The role of the placenta is to provide nutrients and oxygen to the fetus and expunge waste from the baby’s blood. Low hCG levels can suggest a miscarriage.

Treatment for miscarriage

After a miscarriage is confirmed, your medical practitioner checks if your uterus has expelled all fetal tissue. Often, the body removes all fetal tissue on its own. However, if this is not the case, they will proceed to remove all the fetal tissue present to prevent infection and any other complications.

In some cases of early miscarriage, your gynaecologist will recommend a waiting period during which the fetal tissue will pass on its own. Sometimes this process may take several days.

During this time, they will prescribe medication and bed rest, and in some cases, overnight hospitalization for observation. Once the bleeding stops, you will be able to resume regular activities. However, if the cervix is dilated, they may perform a procedure to close the cervix.

In some cases, your gynaecologist may diagnose that it is unsafe to wait for a number of days for the pregnancy to pass on its own.

In this case, they may perform a dilation and curettage (D&C). This is a minor surgical procedure in which the tissue is removed from your uterus. The cervix is dilated, and old pregnancy-related tissue is removed from the uterus while you are under anaesthesia.

The takeaway

No medical evidence exists to prove that occurrences of miscarriage lead to infertility. However, research indicates that those accessing reproductive assistance to get pregnant may be at a greater risk of having a miscarriage.

Hence, it is important to ensure that you consult an experienced fertility specialist when pursuing reproduction assistance as part of your fertility goals.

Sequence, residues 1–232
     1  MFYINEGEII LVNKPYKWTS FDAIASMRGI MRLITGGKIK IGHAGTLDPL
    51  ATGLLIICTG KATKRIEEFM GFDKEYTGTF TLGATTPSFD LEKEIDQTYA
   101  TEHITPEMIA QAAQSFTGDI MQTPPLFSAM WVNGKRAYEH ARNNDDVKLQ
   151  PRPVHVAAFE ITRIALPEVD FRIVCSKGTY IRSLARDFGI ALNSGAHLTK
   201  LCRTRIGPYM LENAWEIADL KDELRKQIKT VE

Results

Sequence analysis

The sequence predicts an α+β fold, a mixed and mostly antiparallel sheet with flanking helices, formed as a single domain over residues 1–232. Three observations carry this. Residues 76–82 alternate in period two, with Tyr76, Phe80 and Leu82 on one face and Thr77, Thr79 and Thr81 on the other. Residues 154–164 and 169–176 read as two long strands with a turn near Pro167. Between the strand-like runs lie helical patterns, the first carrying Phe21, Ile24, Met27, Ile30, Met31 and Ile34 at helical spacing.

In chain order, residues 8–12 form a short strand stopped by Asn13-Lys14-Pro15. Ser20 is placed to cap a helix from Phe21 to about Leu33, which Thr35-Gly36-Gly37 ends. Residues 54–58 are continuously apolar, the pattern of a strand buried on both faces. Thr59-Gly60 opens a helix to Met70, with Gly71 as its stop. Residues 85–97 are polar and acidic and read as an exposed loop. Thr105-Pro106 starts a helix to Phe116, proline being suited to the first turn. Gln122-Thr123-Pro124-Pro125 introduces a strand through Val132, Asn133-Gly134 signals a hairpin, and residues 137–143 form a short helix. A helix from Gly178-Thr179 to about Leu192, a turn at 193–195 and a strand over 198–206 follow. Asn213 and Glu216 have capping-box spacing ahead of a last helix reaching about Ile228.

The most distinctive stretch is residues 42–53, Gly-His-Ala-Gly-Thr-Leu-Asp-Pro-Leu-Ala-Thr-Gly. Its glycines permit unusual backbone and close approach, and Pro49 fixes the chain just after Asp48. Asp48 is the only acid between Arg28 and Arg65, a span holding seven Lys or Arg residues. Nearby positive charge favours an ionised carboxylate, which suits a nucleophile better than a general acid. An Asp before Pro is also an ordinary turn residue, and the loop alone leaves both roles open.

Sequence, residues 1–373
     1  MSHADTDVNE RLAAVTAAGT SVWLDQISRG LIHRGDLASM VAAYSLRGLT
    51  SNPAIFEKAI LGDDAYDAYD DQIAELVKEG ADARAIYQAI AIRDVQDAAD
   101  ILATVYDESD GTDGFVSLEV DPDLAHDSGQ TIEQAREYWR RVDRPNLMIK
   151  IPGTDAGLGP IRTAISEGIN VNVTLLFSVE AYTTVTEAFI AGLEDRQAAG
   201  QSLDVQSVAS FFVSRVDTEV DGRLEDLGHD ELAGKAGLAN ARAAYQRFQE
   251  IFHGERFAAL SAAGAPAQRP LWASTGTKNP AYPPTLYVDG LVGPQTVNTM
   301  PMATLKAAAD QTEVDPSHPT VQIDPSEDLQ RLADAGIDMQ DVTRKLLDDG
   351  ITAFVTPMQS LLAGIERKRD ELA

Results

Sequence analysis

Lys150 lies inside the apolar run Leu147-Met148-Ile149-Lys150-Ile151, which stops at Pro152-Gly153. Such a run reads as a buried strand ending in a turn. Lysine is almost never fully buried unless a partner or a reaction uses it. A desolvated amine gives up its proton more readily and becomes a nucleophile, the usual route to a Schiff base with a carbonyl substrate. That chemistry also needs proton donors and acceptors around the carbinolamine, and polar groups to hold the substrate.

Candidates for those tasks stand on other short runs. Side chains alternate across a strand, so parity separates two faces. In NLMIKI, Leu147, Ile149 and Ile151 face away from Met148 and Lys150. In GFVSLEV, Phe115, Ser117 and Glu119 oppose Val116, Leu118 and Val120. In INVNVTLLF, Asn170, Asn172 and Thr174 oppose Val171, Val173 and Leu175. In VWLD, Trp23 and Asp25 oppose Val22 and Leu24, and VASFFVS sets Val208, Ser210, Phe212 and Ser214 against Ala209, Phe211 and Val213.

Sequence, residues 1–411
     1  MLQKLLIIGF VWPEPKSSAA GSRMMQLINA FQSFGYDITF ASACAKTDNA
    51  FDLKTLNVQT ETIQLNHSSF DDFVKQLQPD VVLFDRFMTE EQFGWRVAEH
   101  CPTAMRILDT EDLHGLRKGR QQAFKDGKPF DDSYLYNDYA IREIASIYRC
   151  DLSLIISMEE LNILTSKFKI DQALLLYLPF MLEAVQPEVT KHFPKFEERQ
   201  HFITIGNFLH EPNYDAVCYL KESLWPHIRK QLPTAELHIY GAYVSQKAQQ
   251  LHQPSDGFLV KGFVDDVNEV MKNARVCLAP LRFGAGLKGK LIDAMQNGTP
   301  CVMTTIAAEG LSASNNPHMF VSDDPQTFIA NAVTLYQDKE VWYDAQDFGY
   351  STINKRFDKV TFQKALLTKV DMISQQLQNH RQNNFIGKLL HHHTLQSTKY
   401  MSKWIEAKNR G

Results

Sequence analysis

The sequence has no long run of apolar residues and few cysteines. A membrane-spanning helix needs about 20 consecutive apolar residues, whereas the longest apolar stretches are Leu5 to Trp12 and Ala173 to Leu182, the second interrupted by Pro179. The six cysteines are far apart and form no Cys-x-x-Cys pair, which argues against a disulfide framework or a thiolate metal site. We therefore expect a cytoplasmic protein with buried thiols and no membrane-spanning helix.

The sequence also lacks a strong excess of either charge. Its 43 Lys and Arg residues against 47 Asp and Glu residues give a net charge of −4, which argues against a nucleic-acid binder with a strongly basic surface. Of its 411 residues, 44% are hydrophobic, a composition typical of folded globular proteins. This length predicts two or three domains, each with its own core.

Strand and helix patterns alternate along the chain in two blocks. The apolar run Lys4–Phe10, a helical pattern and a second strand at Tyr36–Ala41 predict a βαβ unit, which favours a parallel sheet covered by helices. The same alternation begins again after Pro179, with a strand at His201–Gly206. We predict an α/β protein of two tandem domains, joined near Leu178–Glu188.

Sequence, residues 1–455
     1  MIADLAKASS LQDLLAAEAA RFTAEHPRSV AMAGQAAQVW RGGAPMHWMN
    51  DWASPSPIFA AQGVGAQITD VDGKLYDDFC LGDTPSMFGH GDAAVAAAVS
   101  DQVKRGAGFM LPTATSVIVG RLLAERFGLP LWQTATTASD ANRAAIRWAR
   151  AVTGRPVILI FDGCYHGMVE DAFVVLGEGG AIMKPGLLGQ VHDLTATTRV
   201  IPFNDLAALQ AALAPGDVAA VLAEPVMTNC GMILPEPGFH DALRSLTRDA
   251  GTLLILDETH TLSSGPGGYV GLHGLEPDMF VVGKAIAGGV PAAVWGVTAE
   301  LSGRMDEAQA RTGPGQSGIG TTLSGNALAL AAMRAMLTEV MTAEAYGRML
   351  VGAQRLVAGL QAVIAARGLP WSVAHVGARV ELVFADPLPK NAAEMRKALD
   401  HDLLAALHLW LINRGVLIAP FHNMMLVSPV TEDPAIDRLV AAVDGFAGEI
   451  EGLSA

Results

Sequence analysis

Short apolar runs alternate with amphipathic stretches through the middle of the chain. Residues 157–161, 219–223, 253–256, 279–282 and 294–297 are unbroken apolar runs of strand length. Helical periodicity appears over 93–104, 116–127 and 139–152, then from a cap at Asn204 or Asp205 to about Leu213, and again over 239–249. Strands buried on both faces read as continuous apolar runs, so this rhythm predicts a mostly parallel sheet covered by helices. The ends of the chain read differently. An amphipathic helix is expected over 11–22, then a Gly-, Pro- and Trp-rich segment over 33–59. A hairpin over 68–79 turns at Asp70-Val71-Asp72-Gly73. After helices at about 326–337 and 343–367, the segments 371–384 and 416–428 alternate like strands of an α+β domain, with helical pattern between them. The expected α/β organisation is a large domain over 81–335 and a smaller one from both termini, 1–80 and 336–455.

To seek the best treatment for infertility concerns, visit your nearest Birla Fertility and IVF centre or book an appointment with Dr Deepika Mishra.


Is a miscarriage the same as losing a baby?

A miscarriage happens when the foetus is still in the womb and stops developing. It usually happens before 20 weeks of pregnancy, when the foetus is not a fully formed baby. The foetus, along with the placenta, passes in the form of tissue and bleeding. After week 10, the growth of the foetus accelerates.

What exactly happens in a miscarriage?

When a miscarriage occurs, the foetus gets expelled from the uterus on its own.

Typical signs of a miscarriage include heavy bleeding, abdominal cramps, and tissue resembling blood clots in the vagina. However, sometimes symptoms of miscarriage are subtle with spotting and light cramps.

How painful is a miscarriage?

The levels of pain during miscarriage can vary. Some women experience extreme abdominal pain, while for others, it is painless. Some may also experience severe lower back aches and extreme fatigue.

How do miscarriages start?

The genesis of the miscarriage may occur as early as the fertilization stage when either the egg or the sperm has fewer chromosomes. Hence, when they are joined together, the embryo develops with chromosomal abnormalities. This causes the fetus to stop growing.

Other triggers include exposure to harmful radiation, drugs, smoking, other external factors, or pre-existing diseases and medical conditions.

Written by:
Dr. Deepika Mishra

Dr. Deepika Mishra

With over 14 years of expertise under her belt, Dr. Deepika Mishra has been assisting couples with infertility issues. She has been contributing immensely to the field of the medical fraternity and is an expert in finding solutions for couples undergoing infertility issues, and high-risk pregnancies and is also a skilled gynecological oncologist.
Varanasi, Uttar Pradesh